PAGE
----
By David Hargreaves
The silence from the Labour-led Government on migration has been near-deafening.
The constituent parts of the Coalition - Labour and certainly NZ First - were strident about reining in migration. Action was promised.
But the talk of this has died down since the Government took office.
And now the figures themselves are telling you why. The Government doesn't need to fix the problem because at least a partial fix is already in place. And the National Party will have known which way the tide would turn.
Over the months and now years that we've seen immigration soar in this country a lot of the comment around the place has talked about it all as if its been some kind of accident. Something that just happened.
It didn't. The National Government back in 2013 cynically changed the rules to allow students to work - and that opened the floodgates.
Suddenly it was not about New Zealand offering first class tertiary education in return for good fee revenue from students who would be here for three or four years and go home with a quality degree.
No. Now it was all about people who had the avowed intent of migrating to New Zealand. They could now do 'soft' degrees and courses, often through private tertiary institutions of variable quality - and then seek work. Once the work was grabbed they then got themselves into the situation where their employer would go into bat for them, say that they were needed, and get them an extended visa to stay in the country.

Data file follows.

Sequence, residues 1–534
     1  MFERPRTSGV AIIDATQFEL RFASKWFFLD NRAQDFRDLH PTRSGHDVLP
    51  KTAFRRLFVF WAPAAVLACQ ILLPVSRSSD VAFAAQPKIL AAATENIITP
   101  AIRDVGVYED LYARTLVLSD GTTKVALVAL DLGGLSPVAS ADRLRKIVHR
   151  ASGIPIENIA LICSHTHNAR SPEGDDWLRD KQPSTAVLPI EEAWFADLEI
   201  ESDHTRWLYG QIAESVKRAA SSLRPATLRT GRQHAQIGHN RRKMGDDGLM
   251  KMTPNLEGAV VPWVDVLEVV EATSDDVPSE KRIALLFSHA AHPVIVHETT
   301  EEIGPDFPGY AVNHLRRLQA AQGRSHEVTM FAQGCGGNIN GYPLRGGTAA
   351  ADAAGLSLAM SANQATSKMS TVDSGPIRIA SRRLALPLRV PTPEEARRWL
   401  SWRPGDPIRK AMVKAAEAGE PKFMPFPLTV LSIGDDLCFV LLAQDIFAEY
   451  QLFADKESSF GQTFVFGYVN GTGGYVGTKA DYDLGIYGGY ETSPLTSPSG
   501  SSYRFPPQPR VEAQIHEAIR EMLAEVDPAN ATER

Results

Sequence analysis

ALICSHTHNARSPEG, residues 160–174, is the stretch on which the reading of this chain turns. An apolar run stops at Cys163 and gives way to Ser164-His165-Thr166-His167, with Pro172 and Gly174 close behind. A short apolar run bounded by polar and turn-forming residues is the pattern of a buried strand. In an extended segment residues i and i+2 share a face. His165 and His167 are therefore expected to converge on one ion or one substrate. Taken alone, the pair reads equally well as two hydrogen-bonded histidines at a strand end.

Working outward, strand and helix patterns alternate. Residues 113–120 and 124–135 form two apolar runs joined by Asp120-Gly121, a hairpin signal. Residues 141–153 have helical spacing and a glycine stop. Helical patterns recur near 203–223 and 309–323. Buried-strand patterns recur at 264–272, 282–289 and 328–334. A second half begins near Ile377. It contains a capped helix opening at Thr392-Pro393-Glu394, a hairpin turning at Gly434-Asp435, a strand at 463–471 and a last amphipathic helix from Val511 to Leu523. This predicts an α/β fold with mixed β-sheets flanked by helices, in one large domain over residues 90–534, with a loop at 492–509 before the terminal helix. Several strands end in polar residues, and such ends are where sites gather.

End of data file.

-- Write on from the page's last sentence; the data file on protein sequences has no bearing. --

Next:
Pump it up
What did the National Government get out of this?
It got a way of keeping wages down and of artificially pumping up the economy.
Once it saw what a heavy political football the growing wave of immigration was proving, and with an election looming, National then moved to make changes - first by putting in place tougher language rules and then last year by tweaks to minimum wages that could be paid to those on temporary work visas, and, crucially, by introducing a three-year time limit after which someone would have to leave the country for at least 12 months.
It's no coincidence that the rate of annual migration has started to fall since July last year.
The rise in rate of immigration wasn't an accident. The subsequent fall has not been either. I just don't think a lot of people at the time realised the impact last year's measures would have.
Record month of departures
The fact that a March-month record number of non-New Zealanders (over 3,000) left the country long term last month tells you what is happening. People are reaching the end of the road on visas and having to leave.
At this stage the arrivals are still high, but my reading would be that once would-be migrants start to clearly get the message that it is harder to stay here now, then fewer may well start to come. Watch this space.
If, as I suspect, overall arrivals of non-New Zealanders do start to fall meaningfully, then that should be good. It should get things back more on an even keel.
The Government can probably sit back and watch the figures slacken and not have to be too concerned - particularly if it does get some traction with its housing initiatives.
Strangely one thing that would need to be watched though is the number of New Zealand citizens leaving the country.
At this stage those figures have not risen meaningfully. But if they do start to, and if Australia once again starts to look attractive, then the overall net migration picture could start to look very different indeed.
It would be an interesting situation if the Government manages to start really cranking up house building, only to see fewer people around to occupy the homes.
That's certainly not the situation we are looking at right now. But the migration tide does change quickly.
In the meantime the Labour-led Government can enjoy the benefits of cynical policy changes that National made to correct earlier cynical policy changes.